• Carry out an assessment of the ESG behavior of stakeholders. Understand who is driving your ESG journey. There is a wide variety of stakeholders in the ESG journey. These could be shareholders and investors, employees, customers, communities where you do business, or even third-party vendors.
  • Develop your ESG culture. Here Rowe pointed out Farrar, who said: “It can also be done by having interdisciplinary conversations outside your organization, including with climate change and biodiversity experts. What are the companies in your supply chain doing? What is your sector or industry doing? “
  • Don’t think of sustainability as a cost. Just as compliance is not and shouldn’t be viewed simply as a cost, Rowe here quoted Hirth, who said: “Companies shouldn’t see ESG factors as a cost but as a way to focus on some factors that make you a better business. , which reduce risk, which [make] you more attractive to customers, to employees, a better supply chain.

Another approach to start thinking about your report was suggested in a Yahoo! article, titled 6 ESG questions, who said: “ESG reports disclose non-financial data that holds companies accountable for ethical issues. More specifically, these reports demonstrate the efforts of organizations to reduce energy emissions, fight climate change, increase the efficiency of waste management, improve employee health and well-being, support diversity. , equality and inclusion (DCI), having an impact on the community at large, guaranteeing executive compensation, in addition to other concerns.

The bottom line is that much of the work done by compliance can be used as the basis from your ESG reporting. From third party risk management reports to the supply chain and gifts, travel and entertainment (GTE), these assessments are similar to other risk or performance assessments. With all the different standards, there is a wide range of exact rating methodologies and frameworks governing ESG reporting, some best practices have emerged:

  • Auditable ESG reports must follow a specified set of mandatory and voluntary requirements. This allows stakeholders to compare performance and make meaningful decisions.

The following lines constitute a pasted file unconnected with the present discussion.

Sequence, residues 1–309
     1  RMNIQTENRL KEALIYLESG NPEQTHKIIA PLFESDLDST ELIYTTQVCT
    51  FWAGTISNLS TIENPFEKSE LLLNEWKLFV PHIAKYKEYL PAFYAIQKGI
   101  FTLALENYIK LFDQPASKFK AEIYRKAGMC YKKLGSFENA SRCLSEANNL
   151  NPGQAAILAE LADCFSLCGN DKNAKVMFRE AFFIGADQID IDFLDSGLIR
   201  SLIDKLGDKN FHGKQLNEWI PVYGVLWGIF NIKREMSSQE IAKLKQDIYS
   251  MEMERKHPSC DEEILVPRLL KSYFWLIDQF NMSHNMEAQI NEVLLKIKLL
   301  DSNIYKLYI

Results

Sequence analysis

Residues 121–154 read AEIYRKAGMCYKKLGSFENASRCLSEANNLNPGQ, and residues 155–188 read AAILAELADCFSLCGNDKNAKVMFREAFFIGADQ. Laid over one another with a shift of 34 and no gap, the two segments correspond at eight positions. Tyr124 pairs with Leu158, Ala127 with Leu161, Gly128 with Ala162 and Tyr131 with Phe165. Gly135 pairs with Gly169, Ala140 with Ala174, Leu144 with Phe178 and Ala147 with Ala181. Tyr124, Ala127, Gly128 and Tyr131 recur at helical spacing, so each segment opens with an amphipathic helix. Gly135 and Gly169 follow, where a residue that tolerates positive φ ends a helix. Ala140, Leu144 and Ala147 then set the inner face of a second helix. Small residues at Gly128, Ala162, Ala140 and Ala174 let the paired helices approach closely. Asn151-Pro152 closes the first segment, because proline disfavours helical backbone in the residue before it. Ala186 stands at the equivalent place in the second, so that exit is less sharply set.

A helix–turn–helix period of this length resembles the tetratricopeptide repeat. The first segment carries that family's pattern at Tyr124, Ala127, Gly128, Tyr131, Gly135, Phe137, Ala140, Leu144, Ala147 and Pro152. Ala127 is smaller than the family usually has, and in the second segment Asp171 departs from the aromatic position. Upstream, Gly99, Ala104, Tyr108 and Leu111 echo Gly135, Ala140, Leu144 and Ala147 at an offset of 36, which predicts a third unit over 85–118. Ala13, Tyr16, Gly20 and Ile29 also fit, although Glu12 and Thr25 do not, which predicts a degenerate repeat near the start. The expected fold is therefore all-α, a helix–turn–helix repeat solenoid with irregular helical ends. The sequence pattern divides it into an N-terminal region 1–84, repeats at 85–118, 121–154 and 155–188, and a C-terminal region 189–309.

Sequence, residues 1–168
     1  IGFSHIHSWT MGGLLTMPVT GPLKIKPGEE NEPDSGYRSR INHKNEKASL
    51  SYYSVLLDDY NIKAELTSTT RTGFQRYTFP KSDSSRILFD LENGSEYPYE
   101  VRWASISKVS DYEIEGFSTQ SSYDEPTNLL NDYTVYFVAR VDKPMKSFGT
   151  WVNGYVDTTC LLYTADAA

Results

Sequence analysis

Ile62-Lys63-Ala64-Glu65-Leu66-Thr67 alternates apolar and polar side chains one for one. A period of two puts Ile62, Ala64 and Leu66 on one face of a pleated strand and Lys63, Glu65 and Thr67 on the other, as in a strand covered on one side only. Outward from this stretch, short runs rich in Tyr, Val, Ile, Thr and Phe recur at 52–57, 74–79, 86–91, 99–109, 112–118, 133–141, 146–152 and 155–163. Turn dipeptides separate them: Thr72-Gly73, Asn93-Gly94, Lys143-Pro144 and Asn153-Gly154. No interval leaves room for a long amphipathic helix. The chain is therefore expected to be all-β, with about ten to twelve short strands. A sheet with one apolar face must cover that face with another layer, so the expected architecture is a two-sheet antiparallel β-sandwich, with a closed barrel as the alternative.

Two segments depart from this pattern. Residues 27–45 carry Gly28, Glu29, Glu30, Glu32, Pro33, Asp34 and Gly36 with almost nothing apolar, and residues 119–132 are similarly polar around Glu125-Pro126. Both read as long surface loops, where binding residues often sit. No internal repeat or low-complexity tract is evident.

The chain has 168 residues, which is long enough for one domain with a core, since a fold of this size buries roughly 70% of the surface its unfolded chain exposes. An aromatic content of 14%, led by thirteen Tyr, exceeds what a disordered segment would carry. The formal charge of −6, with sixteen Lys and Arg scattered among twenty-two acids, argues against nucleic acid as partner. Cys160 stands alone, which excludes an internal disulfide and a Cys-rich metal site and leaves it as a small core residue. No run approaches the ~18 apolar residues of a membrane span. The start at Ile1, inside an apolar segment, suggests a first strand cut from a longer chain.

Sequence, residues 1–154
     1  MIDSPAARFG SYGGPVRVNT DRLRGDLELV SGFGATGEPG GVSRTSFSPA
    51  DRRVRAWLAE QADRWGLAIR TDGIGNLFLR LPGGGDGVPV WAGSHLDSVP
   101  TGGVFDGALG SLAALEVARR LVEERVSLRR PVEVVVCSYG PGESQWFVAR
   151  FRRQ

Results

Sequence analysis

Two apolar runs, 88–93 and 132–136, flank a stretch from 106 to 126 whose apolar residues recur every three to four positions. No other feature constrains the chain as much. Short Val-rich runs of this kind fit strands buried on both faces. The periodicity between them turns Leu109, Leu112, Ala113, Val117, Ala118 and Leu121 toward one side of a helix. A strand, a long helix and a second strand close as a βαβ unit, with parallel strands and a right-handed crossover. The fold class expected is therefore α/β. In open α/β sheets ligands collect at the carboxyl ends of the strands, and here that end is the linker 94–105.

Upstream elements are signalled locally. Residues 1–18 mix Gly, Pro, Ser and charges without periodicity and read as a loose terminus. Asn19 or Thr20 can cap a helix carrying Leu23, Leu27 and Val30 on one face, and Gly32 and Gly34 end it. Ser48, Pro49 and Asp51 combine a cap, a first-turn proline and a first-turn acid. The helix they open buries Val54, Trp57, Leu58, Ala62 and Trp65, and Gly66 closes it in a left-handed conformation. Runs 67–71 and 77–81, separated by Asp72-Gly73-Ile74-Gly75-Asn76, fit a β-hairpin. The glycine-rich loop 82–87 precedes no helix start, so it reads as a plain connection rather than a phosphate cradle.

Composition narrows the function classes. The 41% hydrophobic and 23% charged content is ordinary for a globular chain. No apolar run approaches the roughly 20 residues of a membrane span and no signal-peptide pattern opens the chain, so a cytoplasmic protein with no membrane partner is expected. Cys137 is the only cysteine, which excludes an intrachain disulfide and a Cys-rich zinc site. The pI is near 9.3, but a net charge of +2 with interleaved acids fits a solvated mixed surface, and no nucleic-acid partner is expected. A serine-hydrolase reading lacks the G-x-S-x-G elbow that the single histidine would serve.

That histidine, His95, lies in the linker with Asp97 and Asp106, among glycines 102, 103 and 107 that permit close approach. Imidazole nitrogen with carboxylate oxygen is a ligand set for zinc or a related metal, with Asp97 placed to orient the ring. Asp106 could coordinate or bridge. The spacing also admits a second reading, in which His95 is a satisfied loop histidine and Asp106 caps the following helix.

• Transparency is essential to the process in which some companies emerge as sustainability leaders, others as laggards. In addition, transparent reporting allows stakeholders to have a clear picture of a company’s direction and progress.
  • For example, a company may not be carbon neutral today but may be making significant efforts to achieve this goal. Stakeholders need visibility on progress, as well as on goals.

Ethixbase noted that “ESG reporting begins with an entrenched sustainable business practice. If a company has taken a decisive attitude towards ESG, this should show in performance. As always, action rings louder than words. They suggest some ways to improve your ESG reporting.

  • Choose the right disclosure framework for your organization and stick to it. This will ensure that your business takes actions that are recognized as key to your business performance.
  • A report on the processes involved, as well as any corrective action, is taken to improve your operations. Methodologies are important for making strong and accurate ESG judgments and careful consideration of these factors leads to better results.
  • Integrate ESG data and mindset into day-to-day business operations. Small actions add up to big changes and can make demonstrable improvements in performance. On top of that, an ESG mindset allows your organization to create a platform for other activities both internally and in your supply chain.
  • Visualize the process of determining your ESG outlook. Data analysis and visualization can help your organization identify areas of your business that need improvement on ESG topics.

Reporting is a cornerstone of your ESG program. But it must be done accurately and with all data verified. The SEC has made it clear that unverified claims will not be taken lightly. In addition, in the court of public opinion, serious damage to reputation will only be magnified by social media. All of these concerns will be very familiar to the compliance professional. Join me tomorrow where I will end this short series on an ESG framework with a discussion on response and improvement.